“You might check with the local charter pilots,” he said. “Might be your island is too small to be listed with me, or goes by another name. Get a taxi, go to the Station—it’s the bar where they all hang out. If they don’t know your island, then it really doesn’t exist.”
“Thank you,” she said. They exchanged scowls of mutual annoyance before she turned and walked away.
Outside the airport, she stood on the curb and waited for a taxi. It was the first moment she’d had since landing to stop and breathe and take it all in. Guam was a mixture of strange and familiar; strange, because for the last nine years she had lived in Boston, and the warm, damp air and tropical views seemed hardly real. Familiar, because the first seven years of her life had been spent on this island. It was home to her, but a home that was a distant, sepia-toned memory, a life that was folded between the pages of a dusty scrapbook. Now that she was back, she felt oddly shy, as if she were calling up a friend she’d not seen in years. Would anyone here remember her? How much had this place changed? It doesn’t matter, she thought. I’m not here to stay. She was just passing through. Her mother didn’t live on Guam anymore; she’d moved to Skin Island when Sophie was seven, and a month later, Sophie and her dad moved to Boston.
A taxi finally pulled up. She tossed her backpack inside, slid into the crackled leather seat, and told the driver her destination.
When she got there, Sophie thought she’d been played for a fool. She’d asked to go to the Station, and the taxi driver had dropped her at a rusty, tin building that just looked . . . well, cranky. Like it wasn’t any happier to see her than she was to see it. She didn’t remember this section of the island, but then, she’d remembered much less of what she’d seen on the ride here than she might have guessed.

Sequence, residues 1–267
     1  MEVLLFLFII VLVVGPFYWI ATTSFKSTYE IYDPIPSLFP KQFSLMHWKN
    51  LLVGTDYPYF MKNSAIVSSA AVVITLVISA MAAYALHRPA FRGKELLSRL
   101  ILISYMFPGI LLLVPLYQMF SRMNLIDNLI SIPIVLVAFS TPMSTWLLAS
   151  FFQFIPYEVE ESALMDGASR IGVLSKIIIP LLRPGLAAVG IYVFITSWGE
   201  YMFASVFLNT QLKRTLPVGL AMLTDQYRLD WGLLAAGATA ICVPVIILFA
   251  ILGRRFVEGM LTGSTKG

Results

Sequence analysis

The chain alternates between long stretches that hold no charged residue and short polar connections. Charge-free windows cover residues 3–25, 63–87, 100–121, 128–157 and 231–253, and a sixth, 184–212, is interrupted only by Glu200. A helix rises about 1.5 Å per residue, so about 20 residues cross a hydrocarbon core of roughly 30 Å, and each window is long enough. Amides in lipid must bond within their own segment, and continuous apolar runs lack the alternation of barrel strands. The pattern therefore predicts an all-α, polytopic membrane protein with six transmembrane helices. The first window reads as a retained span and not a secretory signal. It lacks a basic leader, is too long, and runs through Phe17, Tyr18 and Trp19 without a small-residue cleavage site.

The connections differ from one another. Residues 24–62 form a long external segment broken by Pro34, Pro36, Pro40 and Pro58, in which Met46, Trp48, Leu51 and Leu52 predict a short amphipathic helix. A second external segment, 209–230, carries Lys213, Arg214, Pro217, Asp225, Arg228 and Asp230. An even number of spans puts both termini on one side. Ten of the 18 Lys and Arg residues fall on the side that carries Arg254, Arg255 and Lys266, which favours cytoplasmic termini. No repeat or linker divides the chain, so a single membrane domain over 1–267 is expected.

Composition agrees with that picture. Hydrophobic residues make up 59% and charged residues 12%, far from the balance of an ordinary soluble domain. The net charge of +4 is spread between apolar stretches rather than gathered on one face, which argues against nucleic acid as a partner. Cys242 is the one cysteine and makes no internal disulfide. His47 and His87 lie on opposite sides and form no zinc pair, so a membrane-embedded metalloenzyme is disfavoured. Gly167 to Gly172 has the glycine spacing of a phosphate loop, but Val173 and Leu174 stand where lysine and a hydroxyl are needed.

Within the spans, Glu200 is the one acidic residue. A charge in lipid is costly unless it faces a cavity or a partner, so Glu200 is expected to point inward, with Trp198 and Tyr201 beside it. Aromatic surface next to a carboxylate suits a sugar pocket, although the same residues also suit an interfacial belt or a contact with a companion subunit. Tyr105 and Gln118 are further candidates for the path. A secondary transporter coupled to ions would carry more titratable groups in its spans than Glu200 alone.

She was doubtful, but then she saw THE STATION painted on the tin in faded, chipped green letters. The small window in the metal door, though dirty and streaked, revealed a dimly lit room within. She stood on the toes of her worn pink Chucks and pressed her nose against the glass. There was a bar, after all. She could see it against the far end of the room, complete with a tired-looking bartender and a small television playing an old ’90s sitcom.
Sophie hitched her backpack higher on her shoulders, then turned the metal handle on the door. It was heavier than she’d expected, and she had to push it open with her shoulder. Once she was through, it slammed shut with a bang, as if offended by her intrusion. Only one table in the room was occupied, by a group of men playing poker. They all stared up at her. Feeling intensely self-conscious, she wondered if one of them might be a pilot she could beg for help.
To be certain, though, she first went to the bar and stood at the counter. “Excuse me,” she said. “I’m looking for—”
The bartender had his back to her, and he threw up a hand for her to wait. She bit her lip and glanced at the men in the corner. They’d gone back to their game, but were watching her between plays. She looked away. On the other side of the room, an A-frame ladder was set up between two tables. Someone stood on top of it, his jeans dirty with grease and rumpled over a pair of work boots. The man’s upper half was concealed by the ceiling; he’d removed one panel and seemed to be working on something electrical she couldn’t see.